We never teach the same course twice. Some of the changes are out of our control: new students, new classroom, new time. A move from early morning to late at night can change the whole feel of a topic, while a group of students with strong camaraderie might take on collaborative assignments very differently from a group that includes many non-traditional students or a range of disciplines. And of course when technology is involved, the foundations are likely to shift every semester: even when I teach courses that seem to have the same name, the platform, scripting languages, and digital landscape changes so much in the course of a few months that I am always re-inventing.
However, we do sometimes get to teach a course soon after a previous offering with more consistent content (this is perhaps more likely in other fields than mine, as this is the first time in recent memory it’s happened). This offers a great opportunity to revisit a course syllabus and refine lesson plans and content while their outcomes are fresh. Jason has written about his process of syllabus fixing, and for advance planners Brian suggests involving students in the revision.
Here’s my strategies for dusting off a recent syllabus:
- Prioritize your lesson rewrites. For me, it’s usually easy to figure out which lessons absolutely need replanning from a content standpoint: for instance, I used the Apple Watch as an example of questionable user-centered design last semester when it was still new, and I’ll need to move forward to the next unlikely interface on the market. Lessons that might be worth rethinking because of student outcomes can be harder to identify: I like to revisit a sampling of each project and look for consistent weaknesses, then work back to the corresponding exercises to address them.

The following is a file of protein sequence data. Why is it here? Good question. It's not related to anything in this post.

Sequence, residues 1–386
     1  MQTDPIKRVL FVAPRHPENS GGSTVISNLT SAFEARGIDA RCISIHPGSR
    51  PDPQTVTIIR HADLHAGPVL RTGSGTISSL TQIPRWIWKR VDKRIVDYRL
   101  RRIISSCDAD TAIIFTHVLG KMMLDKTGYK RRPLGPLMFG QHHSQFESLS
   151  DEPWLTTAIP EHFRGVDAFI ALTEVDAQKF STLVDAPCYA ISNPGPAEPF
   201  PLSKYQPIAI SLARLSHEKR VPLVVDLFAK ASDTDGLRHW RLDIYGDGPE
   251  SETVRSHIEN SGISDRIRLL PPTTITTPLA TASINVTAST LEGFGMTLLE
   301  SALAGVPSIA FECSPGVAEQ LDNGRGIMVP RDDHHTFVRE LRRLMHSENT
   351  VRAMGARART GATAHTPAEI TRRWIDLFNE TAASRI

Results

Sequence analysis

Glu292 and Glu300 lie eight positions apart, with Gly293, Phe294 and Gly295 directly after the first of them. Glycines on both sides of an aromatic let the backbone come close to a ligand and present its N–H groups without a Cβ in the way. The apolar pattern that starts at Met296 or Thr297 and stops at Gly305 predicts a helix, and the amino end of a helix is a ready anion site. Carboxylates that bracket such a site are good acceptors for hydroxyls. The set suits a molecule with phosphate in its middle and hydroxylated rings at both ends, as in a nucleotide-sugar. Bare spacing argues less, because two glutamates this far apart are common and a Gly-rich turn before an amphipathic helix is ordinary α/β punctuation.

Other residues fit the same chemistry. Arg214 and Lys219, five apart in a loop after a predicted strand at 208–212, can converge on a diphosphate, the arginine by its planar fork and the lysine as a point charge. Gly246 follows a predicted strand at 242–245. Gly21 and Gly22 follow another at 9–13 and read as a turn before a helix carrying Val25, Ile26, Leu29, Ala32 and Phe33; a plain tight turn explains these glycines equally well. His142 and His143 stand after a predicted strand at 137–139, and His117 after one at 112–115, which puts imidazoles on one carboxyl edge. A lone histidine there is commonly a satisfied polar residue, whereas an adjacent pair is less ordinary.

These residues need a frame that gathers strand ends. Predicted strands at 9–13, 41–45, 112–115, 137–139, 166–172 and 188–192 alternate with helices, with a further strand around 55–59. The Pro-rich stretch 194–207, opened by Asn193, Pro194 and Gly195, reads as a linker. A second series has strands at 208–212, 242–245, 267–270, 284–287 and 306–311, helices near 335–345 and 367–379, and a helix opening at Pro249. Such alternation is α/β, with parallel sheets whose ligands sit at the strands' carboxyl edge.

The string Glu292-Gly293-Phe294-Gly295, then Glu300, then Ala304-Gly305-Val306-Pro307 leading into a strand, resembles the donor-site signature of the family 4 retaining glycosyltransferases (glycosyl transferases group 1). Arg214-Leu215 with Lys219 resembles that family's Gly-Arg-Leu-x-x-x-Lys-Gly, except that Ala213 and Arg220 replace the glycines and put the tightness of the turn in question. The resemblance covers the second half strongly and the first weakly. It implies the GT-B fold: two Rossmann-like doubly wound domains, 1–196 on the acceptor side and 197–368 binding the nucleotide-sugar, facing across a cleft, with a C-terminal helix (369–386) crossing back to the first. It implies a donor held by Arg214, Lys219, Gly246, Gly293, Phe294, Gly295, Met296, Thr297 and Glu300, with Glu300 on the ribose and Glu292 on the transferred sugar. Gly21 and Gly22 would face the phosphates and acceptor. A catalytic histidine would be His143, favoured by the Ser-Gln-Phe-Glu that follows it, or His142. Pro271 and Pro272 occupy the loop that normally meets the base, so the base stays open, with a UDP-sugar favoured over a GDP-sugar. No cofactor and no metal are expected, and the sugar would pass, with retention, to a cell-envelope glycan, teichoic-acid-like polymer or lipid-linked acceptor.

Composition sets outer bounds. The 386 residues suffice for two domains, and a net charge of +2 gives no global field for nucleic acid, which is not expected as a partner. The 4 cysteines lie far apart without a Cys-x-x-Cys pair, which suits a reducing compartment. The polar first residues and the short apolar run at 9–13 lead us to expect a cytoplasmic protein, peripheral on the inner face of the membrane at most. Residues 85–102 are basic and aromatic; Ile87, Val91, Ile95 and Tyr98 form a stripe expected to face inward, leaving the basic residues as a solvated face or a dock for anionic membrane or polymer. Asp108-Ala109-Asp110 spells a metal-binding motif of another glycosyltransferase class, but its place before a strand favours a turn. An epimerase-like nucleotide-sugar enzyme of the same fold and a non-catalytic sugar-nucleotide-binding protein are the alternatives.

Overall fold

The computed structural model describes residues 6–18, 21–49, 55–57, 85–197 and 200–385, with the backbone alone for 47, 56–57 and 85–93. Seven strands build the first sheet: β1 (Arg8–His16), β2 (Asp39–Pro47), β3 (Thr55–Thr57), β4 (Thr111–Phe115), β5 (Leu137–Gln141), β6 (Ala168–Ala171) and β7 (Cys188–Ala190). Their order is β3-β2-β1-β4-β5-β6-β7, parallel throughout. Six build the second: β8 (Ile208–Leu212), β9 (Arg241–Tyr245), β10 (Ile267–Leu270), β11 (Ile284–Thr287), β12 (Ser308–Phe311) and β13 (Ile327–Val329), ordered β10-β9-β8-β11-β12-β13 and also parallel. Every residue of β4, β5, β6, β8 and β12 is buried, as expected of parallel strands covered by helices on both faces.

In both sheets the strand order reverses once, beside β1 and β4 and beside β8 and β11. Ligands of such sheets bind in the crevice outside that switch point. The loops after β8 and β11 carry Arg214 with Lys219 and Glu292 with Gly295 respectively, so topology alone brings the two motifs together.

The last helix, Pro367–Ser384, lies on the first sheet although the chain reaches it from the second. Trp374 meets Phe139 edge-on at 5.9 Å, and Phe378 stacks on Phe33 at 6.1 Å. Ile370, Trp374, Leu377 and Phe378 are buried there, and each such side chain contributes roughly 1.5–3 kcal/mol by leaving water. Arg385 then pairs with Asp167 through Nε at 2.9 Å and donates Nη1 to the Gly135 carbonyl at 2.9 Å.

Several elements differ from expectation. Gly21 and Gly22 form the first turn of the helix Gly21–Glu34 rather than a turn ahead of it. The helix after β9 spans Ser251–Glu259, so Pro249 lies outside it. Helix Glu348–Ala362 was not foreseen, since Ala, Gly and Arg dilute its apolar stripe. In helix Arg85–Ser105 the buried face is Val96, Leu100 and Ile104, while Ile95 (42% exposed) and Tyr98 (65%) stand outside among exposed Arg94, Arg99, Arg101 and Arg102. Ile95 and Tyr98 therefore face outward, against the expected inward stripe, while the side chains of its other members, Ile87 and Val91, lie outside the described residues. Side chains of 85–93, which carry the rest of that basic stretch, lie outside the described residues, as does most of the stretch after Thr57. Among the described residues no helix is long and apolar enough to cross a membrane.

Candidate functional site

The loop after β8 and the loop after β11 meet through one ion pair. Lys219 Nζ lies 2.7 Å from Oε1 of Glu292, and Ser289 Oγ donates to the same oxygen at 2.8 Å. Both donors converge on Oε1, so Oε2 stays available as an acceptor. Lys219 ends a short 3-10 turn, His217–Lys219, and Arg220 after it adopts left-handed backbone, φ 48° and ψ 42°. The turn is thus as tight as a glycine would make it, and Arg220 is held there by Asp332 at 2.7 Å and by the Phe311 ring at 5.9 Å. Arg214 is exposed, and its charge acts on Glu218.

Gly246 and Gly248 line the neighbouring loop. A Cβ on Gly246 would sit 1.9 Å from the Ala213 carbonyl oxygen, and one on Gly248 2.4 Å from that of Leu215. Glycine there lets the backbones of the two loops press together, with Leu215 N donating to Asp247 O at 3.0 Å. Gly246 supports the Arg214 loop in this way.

- Reconsider deadlines and scheduling. The flow of a semester varies from fall to spring, and there are often outside events to consider, including holidays and big campus celebrations. I like to check back in my student messages from last semester: when did I get the most requests for a deadline extension? If I have students who are likely to be taking multiple classes from me, how do the deadlines compare to my other courses?
- Pick at least one assignment for a full overhaul. Even on the rare occasion when I’m teaching a course with many of the same fundamental structures as a previous semester, I like to pick one assignment and start fresh. This is as much for me as for the students: it prevents the course from becoming monotonous or repetitive and provides a space for a new experiment. This can be a great opportunity to pull in a new technology or digital assignment without committing to it for the whole semester.
What are your strategies for revitalizing a familiar syllabus for a new semester? Share your tips in the comments!